fresh pasta with aglio, olio e prezzemolo
Life on the Main Line had
been steadily improving during the nineties. Following the explosion of coffee bars
towards the end of the decade (after our two new book superstores pioneered the concept
earlier in the decade) came a supermarket chain
experiment in Bryn Mawr just in time to be in full operation before the turn of the
century/millennium/whatever. Trendy upscale gourmet food in a giant shell of a building
vacated by a local car dealership that had been a local institution, but which failed to
reach the bridge to the 21st century. And a catchy internet age name to go with it:
The Food Source (although they quickly
abandoned their website for it).
While dr bob was at his mom's out of state, ms_ani stopped by for some Y2K eve supplies
and got some quick advise about how to make a simple sauce for the fresh pasta she'd
decided on for dinner. An oil and garlic sauce variation. So when bob finally returned
that evening, everything was ready. Fresh fettuccine with the sauce, tuna steaks, candles,
white wine, etc. Followed by another quiet New Year's eve at home in front of the TV, just
the two of us. How nice.
Later we tried it with fresh tri-colored penne and it was equally delicious. And then
again with fettuccine. And again with ... it looks like this recipe is becoming a regular
- 3 T olive oil [olio]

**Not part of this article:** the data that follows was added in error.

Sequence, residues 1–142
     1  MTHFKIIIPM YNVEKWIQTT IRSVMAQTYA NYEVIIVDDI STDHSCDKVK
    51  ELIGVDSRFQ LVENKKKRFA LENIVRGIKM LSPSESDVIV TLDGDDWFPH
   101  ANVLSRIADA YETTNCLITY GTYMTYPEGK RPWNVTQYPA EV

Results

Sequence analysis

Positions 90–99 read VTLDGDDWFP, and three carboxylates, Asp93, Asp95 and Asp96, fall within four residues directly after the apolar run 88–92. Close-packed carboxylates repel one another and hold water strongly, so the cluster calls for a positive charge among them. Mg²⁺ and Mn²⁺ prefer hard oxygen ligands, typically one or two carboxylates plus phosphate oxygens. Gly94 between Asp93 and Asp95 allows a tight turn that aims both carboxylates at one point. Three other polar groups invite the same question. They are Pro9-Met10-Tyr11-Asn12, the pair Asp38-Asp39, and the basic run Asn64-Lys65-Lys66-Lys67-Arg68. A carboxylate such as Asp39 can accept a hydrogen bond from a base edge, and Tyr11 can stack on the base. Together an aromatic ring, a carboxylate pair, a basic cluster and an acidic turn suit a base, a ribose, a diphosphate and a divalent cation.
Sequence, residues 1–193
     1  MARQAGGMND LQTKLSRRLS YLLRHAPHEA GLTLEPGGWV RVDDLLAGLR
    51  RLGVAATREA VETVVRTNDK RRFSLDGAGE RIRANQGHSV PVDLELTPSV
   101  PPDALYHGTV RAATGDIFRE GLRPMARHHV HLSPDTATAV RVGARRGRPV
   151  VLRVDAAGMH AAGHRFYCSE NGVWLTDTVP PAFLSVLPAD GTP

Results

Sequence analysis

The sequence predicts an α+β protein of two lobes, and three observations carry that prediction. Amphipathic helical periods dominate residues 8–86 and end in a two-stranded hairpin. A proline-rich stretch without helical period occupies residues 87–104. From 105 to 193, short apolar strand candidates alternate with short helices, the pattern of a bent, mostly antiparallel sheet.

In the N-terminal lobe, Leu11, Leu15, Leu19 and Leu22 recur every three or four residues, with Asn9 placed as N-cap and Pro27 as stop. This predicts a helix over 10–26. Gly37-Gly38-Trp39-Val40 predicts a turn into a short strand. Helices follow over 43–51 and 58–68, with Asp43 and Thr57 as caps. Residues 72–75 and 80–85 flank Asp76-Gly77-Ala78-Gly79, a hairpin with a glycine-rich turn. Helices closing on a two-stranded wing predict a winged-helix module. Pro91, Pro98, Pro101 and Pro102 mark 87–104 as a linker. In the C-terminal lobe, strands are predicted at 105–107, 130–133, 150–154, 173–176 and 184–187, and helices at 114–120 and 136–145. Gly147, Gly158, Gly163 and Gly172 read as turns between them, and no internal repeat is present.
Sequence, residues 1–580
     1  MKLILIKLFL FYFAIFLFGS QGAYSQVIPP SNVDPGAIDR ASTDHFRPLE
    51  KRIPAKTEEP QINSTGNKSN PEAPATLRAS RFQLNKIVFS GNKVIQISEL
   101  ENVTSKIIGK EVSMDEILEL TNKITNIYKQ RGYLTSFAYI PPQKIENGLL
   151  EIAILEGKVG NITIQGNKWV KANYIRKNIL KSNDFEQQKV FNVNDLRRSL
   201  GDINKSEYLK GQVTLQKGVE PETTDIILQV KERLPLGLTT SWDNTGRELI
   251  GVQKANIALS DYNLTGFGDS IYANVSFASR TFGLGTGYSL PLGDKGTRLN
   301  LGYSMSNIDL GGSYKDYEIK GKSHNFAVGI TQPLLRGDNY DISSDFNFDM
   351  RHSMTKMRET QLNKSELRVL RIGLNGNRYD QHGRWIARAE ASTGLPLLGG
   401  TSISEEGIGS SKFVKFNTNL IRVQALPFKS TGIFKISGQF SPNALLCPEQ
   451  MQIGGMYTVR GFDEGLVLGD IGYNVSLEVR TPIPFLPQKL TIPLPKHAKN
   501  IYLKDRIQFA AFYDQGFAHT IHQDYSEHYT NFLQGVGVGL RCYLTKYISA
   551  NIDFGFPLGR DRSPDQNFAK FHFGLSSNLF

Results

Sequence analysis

- about 6 cloves of garlic [aglio], pressed
- 1/4 c white wine
- 2 whole pepperoncini (unbroken)
- 1/4 c chopped parsley [prezzemolo]
- salt and pepper to taste
- 1 lb fresh pasta (fettuccine or penne)
- freshly grated parmigiano and black pepper over individual servings
- Get the pasta water cooking and when boiling throw in the salt (your guess is as good as
mine) and pasta. Cook al dente.
- Meanwhile heat the olive oil (in a large pan that will accommodate the pasta when it is
ready, like the 4 qt Calphalon professional
nonstick chef's pan, our favorite pan), then add the pepperoncini and pressed garlic.
- Make sure that the garlic does not brown. Stop it from cooking by dowsing it with the
wine and let the wine evaporate.
- Then add the parsley. Let it cook for a few minutes and add the salt and pepper and turn
off the heat.
- After draining the cooked pasta, add it to the sauce in its pan.
- Serve with freshly ground parmigiano and black pepper on each individual portion.
- Of course aglio, olio e pepperoncino is one of the classic quick Italian pasta sauces,
and this one also has pepperoncino, but whole unbroken ones so you don't feel the heat. If
you break them open, it becomes a hot sauce ("piccante") and you have to change
the name. We're also breaking one of the traditional Italian rules by adding parmigiano to
a sauce with pepperoncino, but then we are saved by the fact that the pepperoncino is
under house arrest here so to speak. [We Americans are less bound by tradition.]